|Year : 2014 | Volume
| Issue : 4 | Page : 243
Anterior petrosal approach for brainstem cavernoma
B Mare Pandurang, N Churi Omkar, K Misra Basant
Department of Neurosurgery and Gamma Knife Radiosurgery, P D Hinduja National Hospital and Medical Research Centre, V S Marg, Mahim, Mumbai, India
|Date of Web Publication||10-Dec-2014|
K Misra Basant
Department of Neurosurgery and Gamma Knife Radiosurgery, P D Hinduja National Hospital and Medical Research Centre, V S Marg, Mahim, Mumbai - 400 016
Source of Support: None, Conflict of Interest: None
Brainstem cavernomas (BC) comprise about 5-18% of intracranial vascular malformations. The annual hemorrhage rate varies depending on the study design ranging from as low as 0.25% per patient-year in a retrospective study  to 1.6-3.1% per patient-year in prospective studies. , The annual event rate is significantly higher in deep (brainstem, diencephalon) and infratentorial cavernomas when compared to their counterparts in other locations.  The management of BC can be conservative or surgical depending upon the mode of clinical presentation. Surgical excision of a BC is a challenge because of critical anatomy. We present a case of BC, which was totally excised with anterior petrosal approach. Anterior petrosal approach has been used for excision of BC in only 17 cases until now.  The use of preoperative diffusion tensor imaging, tractography, intra-operative navigation, and cranial nerve monitoring will help in reducing the morbidity.
Keywords: Brainstem cavernoma, neuro navigation, petrosal approach, surgery, tractography
|How to cite this article:|
Pandurang B M, Omkar N C, Basant K M. Anterior petrosal approach for brainstem cavernoma
. Asian J Neurosurg 2014;9:243
| Introduction|| |
Brainstem cavernomas (BC) are benign vascular malformations comprising about 5-18% of intracranial vascular malformations and generally present with focal neurological deficit. Female gender, hemorrhagic presentation and deep location increase the risk of hemorrhage. ,,,,, The annual hemorrhage rate varies depending on the study design ranging from as low as 0.25% per patient-year in a retrospective study  to 1.6-3.1% per patient-year in prospective studies. , Owing to their eloquent location, the incidence of postoperative morbidity is significant. Anterior petrosal approach has been used for excision of BC in only 17 cases until now.  Use of diffusion tensor imaging (DTI), tractography, intraoperative navigation, and cranial nerve monitoring along with precise anatomical knowledge will help in selecting the approach and reducing the morbidity.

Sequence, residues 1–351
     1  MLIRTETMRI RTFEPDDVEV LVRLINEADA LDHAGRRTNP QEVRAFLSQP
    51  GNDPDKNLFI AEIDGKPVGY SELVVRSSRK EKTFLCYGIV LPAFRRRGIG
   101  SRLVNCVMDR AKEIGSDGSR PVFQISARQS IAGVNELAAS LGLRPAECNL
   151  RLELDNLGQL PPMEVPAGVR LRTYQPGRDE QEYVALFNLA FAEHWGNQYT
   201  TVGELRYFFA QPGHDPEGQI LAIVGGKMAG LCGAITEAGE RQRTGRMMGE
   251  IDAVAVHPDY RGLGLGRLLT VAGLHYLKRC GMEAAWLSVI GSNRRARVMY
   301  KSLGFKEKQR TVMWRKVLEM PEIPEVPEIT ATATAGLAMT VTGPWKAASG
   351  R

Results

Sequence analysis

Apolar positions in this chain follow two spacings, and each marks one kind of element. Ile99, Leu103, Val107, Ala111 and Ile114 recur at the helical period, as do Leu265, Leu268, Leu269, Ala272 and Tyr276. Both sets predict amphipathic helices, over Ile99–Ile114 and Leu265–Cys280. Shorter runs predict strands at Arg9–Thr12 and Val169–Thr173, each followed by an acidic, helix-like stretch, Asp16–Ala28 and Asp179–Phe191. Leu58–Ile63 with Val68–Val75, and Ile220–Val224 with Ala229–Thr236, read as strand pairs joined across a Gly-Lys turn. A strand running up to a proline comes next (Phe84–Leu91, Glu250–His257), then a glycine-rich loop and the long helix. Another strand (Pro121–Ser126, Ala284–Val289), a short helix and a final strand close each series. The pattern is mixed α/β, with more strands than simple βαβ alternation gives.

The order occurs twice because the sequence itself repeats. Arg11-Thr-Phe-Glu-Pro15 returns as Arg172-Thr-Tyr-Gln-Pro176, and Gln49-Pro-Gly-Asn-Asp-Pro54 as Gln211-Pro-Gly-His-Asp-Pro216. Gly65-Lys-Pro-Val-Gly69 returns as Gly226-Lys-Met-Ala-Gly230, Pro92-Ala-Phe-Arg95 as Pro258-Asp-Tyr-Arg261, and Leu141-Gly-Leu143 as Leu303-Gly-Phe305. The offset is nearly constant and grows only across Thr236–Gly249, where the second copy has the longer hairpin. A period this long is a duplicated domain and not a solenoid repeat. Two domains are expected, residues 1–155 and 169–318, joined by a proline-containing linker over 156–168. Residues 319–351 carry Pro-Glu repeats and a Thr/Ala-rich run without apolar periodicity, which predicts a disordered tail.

| Case Report|| |
A 22-year-old male presented with a history of sudden onset right-sided weakness and diplopia associated with headache and vomiting 2 months prior to admission. Clinical examination revealed Medical Research Council grade IV/V power on right side and left abducens palsy. Plain computed tomographic (CT) scan of brain showed a hyperdense well-defined lesion in left half of pons. MRI Brain revealed a hyperintense lesion in T1-weighted and T2-weighted sequences with a well-defined hypointense rim [Figure 1]. Preoperative tractography was done to track the corticospinal tracts in relation to the lesion and were found to be displaced posteromedially in left half of pons [Figure 2]. Based on the tractograhy and more ventral location of cavernoma, anterior petrosal approach was planned.
|Figure 1: (a) Plain computed tomographic scan showing hyperdense lesion in left half of pons. (b) Magnetic resonance imaging (MRI) T1-weighted axial image showing hyperintense lesion. (c) MRI T1-weighted sagittal images showing hyperintense lesion. (d) MRI T2-weighted image showing hyperintense lesion with hemosiderin ring|
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|Figure 2: (a and b) Preoperative diffusion tensor imaging images showing posteromedial displacement of corticospinal tracts (red) in the left half of pons|